I think that there are two big differences between the new and old testaments:
1. CRC2 has a lot of river scale maps, the new testament doesn't
2. The New testament has a lot more runs in it and it's updated
Personally I liked the river maps in the old testament a lot. Most rivers get a map of the various sections including put-ins, take-outs, tributaries, mileages and major rapids. To answer your question you won't get much more out of CRC2, but if you find a copy and have the cash it is a great book to have.
For a little historical perspective as well as some geology, flora and fauna, check out Doug Wheat's, "The Floater's Guide to Colorado," (1983).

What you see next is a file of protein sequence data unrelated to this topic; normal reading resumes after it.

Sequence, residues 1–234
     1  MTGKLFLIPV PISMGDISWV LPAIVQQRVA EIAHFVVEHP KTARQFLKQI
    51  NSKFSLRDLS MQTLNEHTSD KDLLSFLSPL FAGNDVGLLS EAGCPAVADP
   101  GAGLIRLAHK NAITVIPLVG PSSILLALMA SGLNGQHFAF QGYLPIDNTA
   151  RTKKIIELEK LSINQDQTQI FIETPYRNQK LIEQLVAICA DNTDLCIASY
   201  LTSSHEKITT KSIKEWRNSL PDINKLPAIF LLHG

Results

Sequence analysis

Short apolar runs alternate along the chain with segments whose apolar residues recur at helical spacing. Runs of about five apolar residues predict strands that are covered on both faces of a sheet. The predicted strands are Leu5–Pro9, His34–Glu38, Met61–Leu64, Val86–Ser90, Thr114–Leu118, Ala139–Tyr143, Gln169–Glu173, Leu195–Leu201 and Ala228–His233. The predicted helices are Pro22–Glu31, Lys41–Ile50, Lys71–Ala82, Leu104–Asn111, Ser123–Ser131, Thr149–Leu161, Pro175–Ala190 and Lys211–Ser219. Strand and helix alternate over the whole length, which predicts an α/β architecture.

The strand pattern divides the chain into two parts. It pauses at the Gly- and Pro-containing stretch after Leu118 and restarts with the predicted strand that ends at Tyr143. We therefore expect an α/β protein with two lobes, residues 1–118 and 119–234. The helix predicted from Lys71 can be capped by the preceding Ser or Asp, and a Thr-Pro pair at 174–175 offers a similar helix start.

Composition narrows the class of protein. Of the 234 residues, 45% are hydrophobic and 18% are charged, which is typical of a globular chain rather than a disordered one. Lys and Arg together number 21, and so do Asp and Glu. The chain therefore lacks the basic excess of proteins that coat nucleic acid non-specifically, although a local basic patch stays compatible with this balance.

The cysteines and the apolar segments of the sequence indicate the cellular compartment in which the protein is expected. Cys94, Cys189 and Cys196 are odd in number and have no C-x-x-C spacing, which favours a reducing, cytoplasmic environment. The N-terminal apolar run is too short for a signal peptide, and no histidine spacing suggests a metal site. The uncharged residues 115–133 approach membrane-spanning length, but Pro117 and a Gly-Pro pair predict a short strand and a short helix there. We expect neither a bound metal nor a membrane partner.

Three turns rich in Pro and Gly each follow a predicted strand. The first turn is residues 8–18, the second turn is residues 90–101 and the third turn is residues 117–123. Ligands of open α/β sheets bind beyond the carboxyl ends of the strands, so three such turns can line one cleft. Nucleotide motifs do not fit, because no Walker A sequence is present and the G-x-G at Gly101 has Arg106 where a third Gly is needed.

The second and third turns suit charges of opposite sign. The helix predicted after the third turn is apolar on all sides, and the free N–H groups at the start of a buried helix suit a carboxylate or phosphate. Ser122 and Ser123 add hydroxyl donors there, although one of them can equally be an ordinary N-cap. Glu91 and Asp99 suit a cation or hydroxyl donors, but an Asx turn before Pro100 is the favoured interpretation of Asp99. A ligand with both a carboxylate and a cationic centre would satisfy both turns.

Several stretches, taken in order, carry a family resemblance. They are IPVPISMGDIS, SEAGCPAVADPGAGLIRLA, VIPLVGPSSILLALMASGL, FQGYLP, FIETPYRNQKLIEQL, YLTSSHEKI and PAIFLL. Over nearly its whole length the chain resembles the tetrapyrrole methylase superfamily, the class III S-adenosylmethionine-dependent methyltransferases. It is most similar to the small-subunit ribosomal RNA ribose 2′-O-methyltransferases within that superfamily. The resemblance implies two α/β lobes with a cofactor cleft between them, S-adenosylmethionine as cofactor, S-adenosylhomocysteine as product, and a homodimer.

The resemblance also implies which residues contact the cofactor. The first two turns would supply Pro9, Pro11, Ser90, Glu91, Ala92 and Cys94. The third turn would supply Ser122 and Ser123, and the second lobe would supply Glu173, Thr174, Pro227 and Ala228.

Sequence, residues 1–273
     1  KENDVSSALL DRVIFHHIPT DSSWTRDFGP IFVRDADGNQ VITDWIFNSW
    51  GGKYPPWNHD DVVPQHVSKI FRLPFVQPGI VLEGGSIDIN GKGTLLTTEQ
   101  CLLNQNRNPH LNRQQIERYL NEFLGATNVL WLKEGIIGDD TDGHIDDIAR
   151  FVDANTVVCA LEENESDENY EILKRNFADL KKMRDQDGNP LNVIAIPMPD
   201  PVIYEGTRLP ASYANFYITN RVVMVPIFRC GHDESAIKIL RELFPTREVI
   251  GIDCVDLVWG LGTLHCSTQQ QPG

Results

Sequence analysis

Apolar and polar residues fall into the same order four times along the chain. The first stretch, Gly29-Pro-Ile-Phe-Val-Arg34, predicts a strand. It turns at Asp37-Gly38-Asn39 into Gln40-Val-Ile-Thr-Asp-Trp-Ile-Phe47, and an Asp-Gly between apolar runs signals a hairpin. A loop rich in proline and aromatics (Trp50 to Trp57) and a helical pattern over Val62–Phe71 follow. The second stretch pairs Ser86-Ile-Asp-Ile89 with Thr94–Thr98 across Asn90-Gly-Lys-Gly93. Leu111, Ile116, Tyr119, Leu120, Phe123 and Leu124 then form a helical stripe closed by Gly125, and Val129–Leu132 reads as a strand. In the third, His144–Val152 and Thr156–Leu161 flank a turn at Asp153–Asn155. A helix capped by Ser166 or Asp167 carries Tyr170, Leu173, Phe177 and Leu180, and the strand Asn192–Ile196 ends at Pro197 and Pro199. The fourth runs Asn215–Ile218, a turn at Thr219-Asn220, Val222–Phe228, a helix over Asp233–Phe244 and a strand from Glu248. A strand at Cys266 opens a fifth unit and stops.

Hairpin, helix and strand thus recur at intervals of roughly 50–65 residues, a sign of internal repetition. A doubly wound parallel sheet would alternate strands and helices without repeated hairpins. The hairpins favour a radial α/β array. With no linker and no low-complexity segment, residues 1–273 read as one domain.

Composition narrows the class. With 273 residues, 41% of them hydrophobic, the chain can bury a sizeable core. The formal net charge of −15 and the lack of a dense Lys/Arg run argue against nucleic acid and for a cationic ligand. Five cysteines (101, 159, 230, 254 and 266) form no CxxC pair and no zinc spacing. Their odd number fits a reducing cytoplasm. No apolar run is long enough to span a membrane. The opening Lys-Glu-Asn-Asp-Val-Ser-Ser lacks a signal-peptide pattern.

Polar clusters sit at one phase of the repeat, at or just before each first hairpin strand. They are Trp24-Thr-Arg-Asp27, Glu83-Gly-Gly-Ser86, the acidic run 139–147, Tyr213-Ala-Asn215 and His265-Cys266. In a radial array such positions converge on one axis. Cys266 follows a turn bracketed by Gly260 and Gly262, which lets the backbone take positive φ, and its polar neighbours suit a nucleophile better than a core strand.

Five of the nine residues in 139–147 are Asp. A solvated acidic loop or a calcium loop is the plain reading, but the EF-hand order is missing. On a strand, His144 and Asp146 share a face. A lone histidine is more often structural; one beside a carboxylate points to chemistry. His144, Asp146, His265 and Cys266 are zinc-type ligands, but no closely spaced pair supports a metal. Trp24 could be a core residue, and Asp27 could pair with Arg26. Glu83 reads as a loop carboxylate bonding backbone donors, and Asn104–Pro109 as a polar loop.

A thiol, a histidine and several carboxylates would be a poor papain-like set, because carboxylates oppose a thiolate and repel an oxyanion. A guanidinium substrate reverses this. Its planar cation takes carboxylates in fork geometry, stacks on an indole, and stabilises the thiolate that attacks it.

It has gem's like "If you are looking for an enjoyable raft or kayak run, Gore Canyon is not for you." and "...Gore Canyon has crushed more boats and destroyed more dreams than almost any canyon in the state of Colorado." But it also tells you who did the first kayak (Walt Blackadar) and raft (Rob Wise, John Adler, and Andy Reich in August 1977) descents and has other interesting information.
Did you know that Glenwood Canyon is made of Grantic Basement rock? Or that if you keep floating the Colorado to rifle you will pass through 7 more distinct layers of rock strata? That the Eagle river was named by Ute Indians who said that "It had as many tributaries as there are feathers on an eagle's tail." - If you like stuff like that, it is worth finding, otherwise skip it.